As it took me some time to learn how to create and edit it for prac, I only used it once for one lesson. It takes a wee bit long to load and can your computer can lag, especially if you have a lower capacity processor.
The school was introducing the theme of seasons and weather for May. I decided to review the weather observation that was done using the digital camera for the previous week. The children quite liked dragging the weather symbols as I set the infinity cloner on to count what kind of weather did we have and subsequently reinforcing their recently introduced math concept of more and less.
Here’s a print screen of a notebook 11 file I created.
Print Screen of Weather Lesson created using Notebook 11 software
More elaboration of my prac experience in my next blog post! 🙂 cheers!
Most of the time technology changes and gets better. Sometimes it isn’t the case though, when a product turns out faulty or does not meet the needs of the market. However, I can confidently say that making Interactive Whiteboards (IWB) multi-touch is definitely a GOOD change and improvement!
The IWB that my prac site currently uses is single touch. I may be wrong but if I am not mistaken, the brand is Smart Technologies. It was purchased last year but I think that Smart Technologies have since come up with multi-touch IWBs such as the Promethean Board as mentioned in Bec’s post.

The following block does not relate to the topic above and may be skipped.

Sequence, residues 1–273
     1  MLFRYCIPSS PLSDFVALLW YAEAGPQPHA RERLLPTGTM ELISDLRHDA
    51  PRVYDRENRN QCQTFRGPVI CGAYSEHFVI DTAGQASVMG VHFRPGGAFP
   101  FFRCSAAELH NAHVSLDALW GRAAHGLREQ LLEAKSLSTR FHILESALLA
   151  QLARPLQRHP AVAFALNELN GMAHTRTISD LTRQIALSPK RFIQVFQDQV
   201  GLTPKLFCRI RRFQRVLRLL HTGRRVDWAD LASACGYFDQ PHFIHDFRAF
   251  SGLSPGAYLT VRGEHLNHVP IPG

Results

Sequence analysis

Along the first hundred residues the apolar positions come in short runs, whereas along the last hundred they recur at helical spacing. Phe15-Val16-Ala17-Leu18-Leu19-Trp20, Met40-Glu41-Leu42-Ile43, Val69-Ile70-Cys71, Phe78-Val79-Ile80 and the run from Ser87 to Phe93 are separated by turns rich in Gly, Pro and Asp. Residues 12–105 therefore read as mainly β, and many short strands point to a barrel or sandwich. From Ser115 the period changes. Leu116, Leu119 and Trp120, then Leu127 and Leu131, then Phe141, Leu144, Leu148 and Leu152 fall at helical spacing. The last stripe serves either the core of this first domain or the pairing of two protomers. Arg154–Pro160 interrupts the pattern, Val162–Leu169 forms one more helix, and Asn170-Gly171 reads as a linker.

I am going to start using the IWB this week. However, with a large class, I think I cannot expect 100% engagement or focus as they will have to wait for their turn to have a go at the IWB.
So I guess the only solution to engaging everyone with a single-touch IWB would be to conduct the lesson in smaller groups.
I would love to hear any other suggestions 🙂
If you are a principal or know anyone who is wanting to invest in a IWB, here is a helpful list comparing the different series of Smart Technologies IWB by Video Centric.
I have already started prac and was assigned to monitor two sessions where children were given time to play computer games.
From the two sessions with the children, I have discovered that sometimes the sounds from all 7 computers providing instructions at once can be very overwhelming, not just to the children but to me as well!
Mind you, the computer lab is in a room, not in an open space so I definitely got quite an ‘EARful’ from the computers! haha
Obviously the listening to the audio instructions are important as not all of them can read full sentences yet.
It got me thinking about the need for children to use headphones. From this useful document – Engaging Early Years Foundation Stage children in computer-based play: A guide for practitioners by Stnacer (2011), I got to know that educators must exercise caution when using headphones as it must be at a comfortable noise levels and in order to encouraged shared experiences, we may want to consider using headphone splitters.
….and IF game sounds are starting to be a little too overwhelming for both you and your students, you might want to check out Itch-A-Skitch – an online game I found out from Fiona’s post, who in turn found it from Teachbytes – a blog by Ms. Aditi Rao, a technology integration specialist!
Stancer, A. (2011). Engaging Early Years Foundation Stage children in computer-based play: A guide for practitioners. Retrieved May 12, 2013, from http://www.cfbt.com/evidenceforeducation/PDF/Engaging%20Early%20Years%20Foundation%20Stage%20children%20in%20computer-based%20play.pdf